State Control of the Liquor Traffic
The Alleged “Moral” Objection, and the Financial Practicability of the Scheme.
EVER since Mr. Lloyd George’s proposal for state purchase and control of the liquor trade was made public it has been evident that opposition to it, outside the ranks of Licensed Victuallers’ Associations whose attitude will in the end be decided by the terms and conditions of purchase, would take two principal forms. The first is concerned solely with the financial practicability and expediency of the scheme; and the second with an alleged “moral” objection to a policy which fastens upon the State a new and direct “complicity” the trade. In view of the new Canadian regulation, a reply to these objections, appearing in The Contemporary Review, is of interest. The writer says:
No doubt at the time when Mr. Lloyd George’s proposal was first announced the financial dimensions of the scheme seemed formidable, and the risks out of proportion to the necessities of the situation as they were then understood. Since then our knowledge has widened, and our appreciation of the value of direct State action has increased. The additional fact, now widely known, that a treasury committee of hard-headed, nonfanatical financial experts was able readily and unanimously to agree upon a workable scheme, has also done much to destroy the force of the financial objection.
The so-called moral objection is more difficult to remove. In some cases, owing to the view taken of the drink habit, it is plainly irremovable: it may, however, be examined. In any such examination it is necessary, as a preliminary, to distinguish between two entirely different standpoints. First, the standpoint of the man who regards the drinking of alcoholic beverages as a sin; and, second, the standpoint of the man who, while not taking up this extreme position, fears that State management and control would give a sanction to, and create a “complicity” in, the drink traffic that does not now exist. The two points of view are often confused, but they are quite distinct. So far as the first of these views is concerned, the case is obviously not susceptible to argument. It is already decided. The view may be right or wrong (and it is certain that it goes much farther than the common conscience of the Christian Churches is prepared to go), but to the man who holds it the matter is settled. He is not a reformer; morally and logically he is not even a restriction-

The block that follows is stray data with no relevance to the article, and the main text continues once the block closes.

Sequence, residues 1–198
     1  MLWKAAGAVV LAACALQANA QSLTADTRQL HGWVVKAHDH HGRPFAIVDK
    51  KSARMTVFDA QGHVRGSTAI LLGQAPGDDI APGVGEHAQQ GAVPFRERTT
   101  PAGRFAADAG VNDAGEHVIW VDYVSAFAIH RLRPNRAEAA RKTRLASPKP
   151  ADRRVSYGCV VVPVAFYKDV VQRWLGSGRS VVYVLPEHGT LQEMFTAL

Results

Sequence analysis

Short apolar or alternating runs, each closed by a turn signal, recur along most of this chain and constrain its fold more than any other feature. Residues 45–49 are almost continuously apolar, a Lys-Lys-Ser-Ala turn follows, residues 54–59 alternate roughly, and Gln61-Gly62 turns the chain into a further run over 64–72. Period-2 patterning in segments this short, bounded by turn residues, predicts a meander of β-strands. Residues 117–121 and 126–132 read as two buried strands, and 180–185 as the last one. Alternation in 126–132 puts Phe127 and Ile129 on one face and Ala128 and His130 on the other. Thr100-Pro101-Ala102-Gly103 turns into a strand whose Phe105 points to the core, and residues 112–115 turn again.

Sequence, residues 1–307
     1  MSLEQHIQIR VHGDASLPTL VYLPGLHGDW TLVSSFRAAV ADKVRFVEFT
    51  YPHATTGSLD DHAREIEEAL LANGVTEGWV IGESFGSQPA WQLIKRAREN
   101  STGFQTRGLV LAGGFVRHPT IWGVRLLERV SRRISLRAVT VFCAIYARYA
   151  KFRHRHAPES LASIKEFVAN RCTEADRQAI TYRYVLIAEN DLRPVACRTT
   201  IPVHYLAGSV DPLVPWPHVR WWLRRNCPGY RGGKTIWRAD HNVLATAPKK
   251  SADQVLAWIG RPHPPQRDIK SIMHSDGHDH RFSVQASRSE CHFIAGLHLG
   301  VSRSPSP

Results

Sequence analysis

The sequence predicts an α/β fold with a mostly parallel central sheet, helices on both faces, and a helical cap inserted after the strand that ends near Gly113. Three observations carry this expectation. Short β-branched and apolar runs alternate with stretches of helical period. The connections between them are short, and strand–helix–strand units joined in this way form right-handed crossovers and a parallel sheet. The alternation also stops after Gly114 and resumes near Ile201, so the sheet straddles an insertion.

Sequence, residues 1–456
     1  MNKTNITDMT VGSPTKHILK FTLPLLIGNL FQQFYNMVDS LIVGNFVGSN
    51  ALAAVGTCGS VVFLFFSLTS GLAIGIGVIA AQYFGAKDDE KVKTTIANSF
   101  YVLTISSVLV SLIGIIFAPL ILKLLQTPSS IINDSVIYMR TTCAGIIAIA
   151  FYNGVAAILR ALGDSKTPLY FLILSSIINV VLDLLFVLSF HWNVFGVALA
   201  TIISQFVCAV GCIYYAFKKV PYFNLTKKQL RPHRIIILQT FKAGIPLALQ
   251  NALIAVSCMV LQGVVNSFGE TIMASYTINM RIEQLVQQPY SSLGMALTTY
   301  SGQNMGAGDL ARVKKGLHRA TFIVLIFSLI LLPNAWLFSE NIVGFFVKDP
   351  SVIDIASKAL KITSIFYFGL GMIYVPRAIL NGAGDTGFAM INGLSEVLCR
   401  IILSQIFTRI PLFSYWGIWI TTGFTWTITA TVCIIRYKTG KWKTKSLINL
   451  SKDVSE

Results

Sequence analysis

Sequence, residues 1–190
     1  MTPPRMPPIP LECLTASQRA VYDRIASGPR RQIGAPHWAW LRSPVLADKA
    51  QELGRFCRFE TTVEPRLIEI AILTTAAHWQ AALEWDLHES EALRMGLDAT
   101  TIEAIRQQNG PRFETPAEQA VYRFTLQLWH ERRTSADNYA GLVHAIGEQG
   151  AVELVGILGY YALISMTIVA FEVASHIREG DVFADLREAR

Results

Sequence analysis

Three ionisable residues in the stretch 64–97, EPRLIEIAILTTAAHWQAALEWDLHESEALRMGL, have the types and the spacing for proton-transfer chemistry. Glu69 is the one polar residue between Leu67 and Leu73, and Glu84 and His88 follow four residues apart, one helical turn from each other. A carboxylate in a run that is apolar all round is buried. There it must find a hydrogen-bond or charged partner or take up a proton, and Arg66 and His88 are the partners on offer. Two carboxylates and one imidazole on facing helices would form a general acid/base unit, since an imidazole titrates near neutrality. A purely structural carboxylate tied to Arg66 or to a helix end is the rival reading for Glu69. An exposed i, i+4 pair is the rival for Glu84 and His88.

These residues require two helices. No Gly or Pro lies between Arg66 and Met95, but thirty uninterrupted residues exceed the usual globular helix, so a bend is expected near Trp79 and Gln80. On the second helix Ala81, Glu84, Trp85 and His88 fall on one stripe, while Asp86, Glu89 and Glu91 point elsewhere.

ist; he is an abolitionist. His place is out side the licensing reform movement altogether He can have no part in any scheme of regula tion or restriction, however severe and strin gent. He cannot even be a local vetoist, since that implies ah authorized option to continue the trade. His counsel cannot be invoked nor his criticism be heard in respect to any scheme of regulation, whether it be direct State control or any alternative plan of restriction It is necessary to make this plain at the outset, because it is already apparent that some who hold this view and are opposing Mr Lloyd George's proposal do not appreciate the inconsistency of their general line of argument nor the compromise in their personal commitments in matters of policy. I have before me at this moment an authorized report of a paper entitled, “Ought the Church of Christ to advocate the manufacture and sale by the nation of intoxicating liquors?” read by Mr. G. B. Wilson, the Secretary of the United Kingdom Alliance, to the Free Church Council at Newcastle-on-Tyne on October 29th of last year. In this paper Mr. Wilson, in his own words, “dwelt on the necessity for applying the test of Christian principle to all proposals affecting the making and selling of drink,” because the reasons put forward by advocates of State purchase and control, “though differing in many respects, have been alike in this, that they have been argued rather on grounds of expediency than with reference to Christian principle.” His own view of the drink habit was put in a single sentence: “We are, to-night, in the presence of no mere misfortune, but of a sin which, for countless souls, rises like an awful cloud to shut out God.” If that be Mr. Wilson’s view -and I respect it, by whomsoever held then the rest of his detailed argument, including